India’s Stressful Exams -NEET, JEE Burden Student Life

NEET

This year in September, three NEET aspirants committed suicide in Tamil Nadu. These incidents again make us think about India’s difficult and traumatic pattern of entrance exams. According to data published by the National Crime Records Bureau, one student commits suicide every hour in India, with roughly 28 such suicides reported every day.

Academic stress is a clear element that leads students to commit suicide. When a student reaches a point in their studies where they feel helpless or unable to meet their own and their parents’ role expectations, a role conflict develops within them. Students in this situation believe they have no other option; therefore they take the drastic step of committing suicide. High competition and limited seats in these top exams convert the aspirant’s dream into a nightmare.

Other than academic stress, several other factors increase the burden on aspirants preparing for the country’s top exams. Let’s know in detail.

Social and Peer pressure

The root cause of the stressful life of students is not administrative or educational, but it’s social. Our youngsters are raised to believe that they have three job options: doctor, engineer, or failure. Since the economic downturn, engineering courses have lost some of their lusters. NEET has thus supplanted JEE as the greatest pain of the career-driven adolescent, yet both results in major social woes.

Parents and family members play a crucial role in causing most of the stress among their children. They even set siblings against one another. Middle-class parents compare the capabilities and achievements of their children with others, without knowing that it can build mental pressure on their child.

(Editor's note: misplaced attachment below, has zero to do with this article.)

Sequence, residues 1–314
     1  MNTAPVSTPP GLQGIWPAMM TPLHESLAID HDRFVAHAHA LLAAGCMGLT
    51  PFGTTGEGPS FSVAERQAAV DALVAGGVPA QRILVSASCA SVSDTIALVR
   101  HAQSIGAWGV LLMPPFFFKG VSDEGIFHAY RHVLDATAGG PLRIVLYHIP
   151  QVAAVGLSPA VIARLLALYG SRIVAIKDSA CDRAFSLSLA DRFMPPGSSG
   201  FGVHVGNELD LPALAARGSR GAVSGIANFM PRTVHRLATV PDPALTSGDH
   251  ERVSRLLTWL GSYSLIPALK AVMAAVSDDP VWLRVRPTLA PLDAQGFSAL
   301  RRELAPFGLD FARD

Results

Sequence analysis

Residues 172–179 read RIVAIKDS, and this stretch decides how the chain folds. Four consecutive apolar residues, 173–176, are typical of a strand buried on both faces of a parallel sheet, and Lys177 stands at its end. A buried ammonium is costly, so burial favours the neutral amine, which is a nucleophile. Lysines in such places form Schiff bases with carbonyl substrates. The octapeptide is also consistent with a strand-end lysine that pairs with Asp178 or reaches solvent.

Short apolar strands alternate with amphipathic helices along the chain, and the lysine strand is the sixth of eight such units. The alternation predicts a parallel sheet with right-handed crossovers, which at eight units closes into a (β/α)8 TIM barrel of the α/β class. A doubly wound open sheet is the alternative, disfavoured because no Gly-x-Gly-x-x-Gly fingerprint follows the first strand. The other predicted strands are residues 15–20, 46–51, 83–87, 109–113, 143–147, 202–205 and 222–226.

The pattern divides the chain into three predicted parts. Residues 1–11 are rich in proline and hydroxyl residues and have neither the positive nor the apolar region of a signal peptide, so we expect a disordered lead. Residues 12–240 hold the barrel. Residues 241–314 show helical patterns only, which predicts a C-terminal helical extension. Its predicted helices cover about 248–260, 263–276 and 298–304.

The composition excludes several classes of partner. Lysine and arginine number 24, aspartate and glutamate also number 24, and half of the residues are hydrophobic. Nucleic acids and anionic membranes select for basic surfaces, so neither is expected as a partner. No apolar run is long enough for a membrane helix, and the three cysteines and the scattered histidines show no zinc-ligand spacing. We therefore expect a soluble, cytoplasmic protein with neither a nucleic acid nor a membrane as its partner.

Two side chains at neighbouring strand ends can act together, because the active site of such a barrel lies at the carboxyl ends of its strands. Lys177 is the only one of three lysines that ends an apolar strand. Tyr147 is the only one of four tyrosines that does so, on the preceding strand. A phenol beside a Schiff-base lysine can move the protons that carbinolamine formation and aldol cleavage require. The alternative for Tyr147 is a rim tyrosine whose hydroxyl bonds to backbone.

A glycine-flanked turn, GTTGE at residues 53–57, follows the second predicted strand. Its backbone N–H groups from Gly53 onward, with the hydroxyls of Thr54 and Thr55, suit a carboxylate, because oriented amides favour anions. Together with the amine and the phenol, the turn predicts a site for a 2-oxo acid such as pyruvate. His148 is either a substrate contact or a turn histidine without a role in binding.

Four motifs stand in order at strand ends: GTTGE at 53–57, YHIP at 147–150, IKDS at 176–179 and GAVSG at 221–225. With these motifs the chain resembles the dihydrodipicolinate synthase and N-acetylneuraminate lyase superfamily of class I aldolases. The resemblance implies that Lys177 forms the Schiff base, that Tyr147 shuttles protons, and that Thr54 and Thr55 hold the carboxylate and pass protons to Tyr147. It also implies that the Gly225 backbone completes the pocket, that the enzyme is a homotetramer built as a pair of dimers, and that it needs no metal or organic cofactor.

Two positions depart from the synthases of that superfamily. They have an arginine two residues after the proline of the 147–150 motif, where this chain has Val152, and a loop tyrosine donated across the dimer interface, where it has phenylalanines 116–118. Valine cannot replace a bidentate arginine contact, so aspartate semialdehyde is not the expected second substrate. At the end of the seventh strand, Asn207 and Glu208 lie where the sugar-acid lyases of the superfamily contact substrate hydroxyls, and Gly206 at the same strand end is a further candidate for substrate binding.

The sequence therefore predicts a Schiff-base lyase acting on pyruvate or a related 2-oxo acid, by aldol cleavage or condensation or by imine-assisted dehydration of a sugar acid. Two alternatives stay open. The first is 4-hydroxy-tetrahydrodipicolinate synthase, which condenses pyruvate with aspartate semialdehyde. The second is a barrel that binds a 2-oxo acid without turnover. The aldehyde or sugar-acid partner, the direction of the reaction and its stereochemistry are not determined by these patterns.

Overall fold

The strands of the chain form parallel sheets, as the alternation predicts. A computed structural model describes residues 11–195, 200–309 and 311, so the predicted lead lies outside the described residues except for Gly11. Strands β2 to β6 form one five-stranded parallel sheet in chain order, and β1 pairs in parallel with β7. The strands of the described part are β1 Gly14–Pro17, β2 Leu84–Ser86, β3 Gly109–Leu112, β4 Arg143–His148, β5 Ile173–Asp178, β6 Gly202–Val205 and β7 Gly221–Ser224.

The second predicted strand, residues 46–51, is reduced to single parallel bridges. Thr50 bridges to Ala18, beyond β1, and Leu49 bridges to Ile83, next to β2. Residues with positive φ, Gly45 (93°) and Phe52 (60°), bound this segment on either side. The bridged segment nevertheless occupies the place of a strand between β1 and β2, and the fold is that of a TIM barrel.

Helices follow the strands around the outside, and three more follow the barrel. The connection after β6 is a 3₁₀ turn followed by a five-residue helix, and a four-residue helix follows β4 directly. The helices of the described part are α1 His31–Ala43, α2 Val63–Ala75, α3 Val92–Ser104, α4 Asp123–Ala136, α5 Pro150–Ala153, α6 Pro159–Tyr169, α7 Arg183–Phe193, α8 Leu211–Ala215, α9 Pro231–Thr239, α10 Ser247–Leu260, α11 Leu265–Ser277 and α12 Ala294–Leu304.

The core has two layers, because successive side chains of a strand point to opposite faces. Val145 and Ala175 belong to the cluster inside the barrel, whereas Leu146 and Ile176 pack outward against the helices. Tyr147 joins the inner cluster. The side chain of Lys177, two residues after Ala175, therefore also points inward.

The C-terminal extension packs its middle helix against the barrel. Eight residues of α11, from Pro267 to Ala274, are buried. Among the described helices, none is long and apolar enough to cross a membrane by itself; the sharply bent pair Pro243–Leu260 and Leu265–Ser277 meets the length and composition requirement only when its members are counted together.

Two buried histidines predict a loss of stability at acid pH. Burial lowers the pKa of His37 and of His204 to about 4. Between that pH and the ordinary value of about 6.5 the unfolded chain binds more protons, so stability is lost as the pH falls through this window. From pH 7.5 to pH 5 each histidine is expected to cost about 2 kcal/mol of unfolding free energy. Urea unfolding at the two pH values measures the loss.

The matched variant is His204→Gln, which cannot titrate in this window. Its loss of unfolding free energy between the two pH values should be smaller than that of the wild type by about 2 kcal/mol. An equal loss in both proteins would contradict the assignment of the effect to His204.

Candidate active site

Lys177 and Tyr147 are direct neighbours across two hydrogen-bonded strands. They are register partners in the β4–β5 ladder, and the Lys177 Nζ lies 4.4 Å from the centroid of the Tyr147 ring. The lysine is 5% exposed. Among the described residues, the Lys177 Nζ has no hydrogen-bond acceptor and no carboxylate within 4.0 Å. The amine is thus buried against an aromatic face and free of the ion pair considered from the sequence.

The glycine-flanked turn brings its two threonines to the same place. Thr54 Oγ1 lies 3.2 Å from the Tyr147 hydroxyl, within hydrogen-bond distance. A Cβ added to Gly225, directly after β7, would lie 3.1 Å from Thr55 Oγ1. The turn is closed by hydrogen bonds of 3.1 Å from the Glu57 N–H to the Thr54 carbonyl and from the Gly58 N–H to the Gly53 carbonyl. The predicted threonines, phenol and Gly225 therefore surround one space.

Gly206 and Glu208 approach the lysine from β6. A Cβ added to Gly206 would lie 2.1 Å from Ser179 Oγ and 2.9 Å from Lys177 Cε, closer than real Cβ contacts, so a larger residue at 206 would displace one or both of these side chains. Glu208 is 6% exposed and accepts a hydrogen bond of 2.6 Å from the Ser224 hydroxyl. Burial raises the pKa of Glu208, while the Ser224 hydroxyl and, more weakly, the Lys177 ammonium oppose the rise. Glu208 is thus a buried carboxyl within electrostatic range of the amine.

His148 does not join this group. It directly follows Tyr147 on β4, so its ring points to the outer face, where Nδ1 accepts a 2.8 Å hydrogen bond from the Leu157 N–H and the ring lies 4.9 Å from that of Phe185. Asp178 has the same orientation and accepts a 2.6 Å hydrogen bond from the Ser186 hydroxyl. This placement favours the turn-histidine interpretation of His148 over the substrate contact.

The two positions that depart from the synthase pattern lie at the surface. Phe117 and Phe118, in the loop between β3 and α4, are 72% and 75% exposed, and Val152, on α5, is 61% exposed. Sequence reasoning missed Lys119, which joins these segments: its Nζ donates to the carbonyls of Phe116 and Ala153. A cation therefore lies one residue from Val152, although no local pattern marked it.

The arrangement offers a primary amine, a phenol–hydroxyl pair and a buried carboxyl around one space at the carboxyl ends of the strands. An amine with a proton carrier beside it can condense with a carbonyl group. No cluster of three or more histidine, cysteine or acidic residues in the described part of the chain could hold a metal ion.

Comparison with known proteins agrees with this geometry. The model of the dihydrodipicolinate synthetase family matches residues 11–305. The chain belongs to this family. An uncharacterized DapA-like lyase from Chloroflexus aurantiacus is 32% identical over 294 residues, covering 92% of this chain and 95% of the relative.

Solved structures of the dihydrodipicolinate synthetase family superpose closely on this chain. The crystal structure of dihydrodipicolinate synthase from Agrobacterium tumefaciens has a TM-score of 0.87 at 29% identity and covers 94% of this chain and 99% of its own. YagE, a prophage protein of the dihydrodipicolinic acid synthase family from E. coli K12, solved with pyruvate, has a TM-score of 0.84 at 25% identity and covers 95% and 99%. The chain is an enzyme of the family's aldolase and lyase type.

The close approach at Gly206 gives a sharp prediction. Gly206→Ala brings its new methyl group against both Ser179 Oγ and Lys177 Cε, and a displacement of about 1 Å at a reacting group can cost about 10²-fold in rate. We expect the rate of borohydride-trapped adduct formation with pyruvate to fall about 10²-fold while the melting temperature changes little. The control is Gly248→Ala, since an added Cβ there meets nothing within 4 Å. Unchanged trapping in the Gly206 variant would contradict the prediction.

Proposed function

Schools and coaching centers

Schools are compelled to gauge their success in terms of the number of students who pass the NEET and JEE exams. The high demand for admission to IIT and Medical colleges has spawned a massive tutoring industry in India, particularly in Rajasthan’s Kota. When school education is either improper or inadequate due to competition, parents head straight for the coaching centers.

Perhaps the most subversive aspect of the IIT and NEET dream is the coaching classes. Entrance to the top engineering and medical colleges appears to be a sign of academic achievement. Hence, for achieving this, parents enroll their children in popular and expensive coaching centers long before the real JEE or NEET exam, normally up to four years in advance. These coaching facilities not only charge exorbitant prices, but they are also unregulated. Shaming, scolding, and creating a phony competition among students leads to a sense of inadequacy and worthlessness in them. When students fail in these exams, they feel they have wasted their parents’ money and it leads to their negative self-esteem. This is worsened in students from marginalized or economically disadvantaged backgrounds.

How stress can be reduced and suicide can be prevented amongst students?

Suicide may be avoided, and we must make seeking help acceptable. In this case, family members must intervene to place a higher priority on the well-being and life of their child over academic requirements. Family, instructors, and faculty should provide moral support to those children who need it. They must recognize students who have problems, as well as low markers and stressors. Hence, Gatekeeper training is essential as it will them identify and isolate vulnerable populations.

Another critical step is to increase the number of engineering colleges in the country. Despite the attraction of private institutions, students prefer national universities because they are more reputable, provide better placements, and charge lower tuition. Also, the government should implement some regulations for the coaching centers as they are becoming business.

Mental health should be taken seriously. Students should be encouraged to speak up about their problems instead of keeping them inside. Also, there should be more mental health care facilities that are both accessible and cheap.

The Indian education system needs to change. The pattern of these entrance exams also needs modification as the vast syllabus and negative marking create enormous pressure on aspirants. Also, parents need to appreciate their child capabilities and interest rather than comparing them with others. Every child has his/her dream and goal, just support them, don’t run with the pack.

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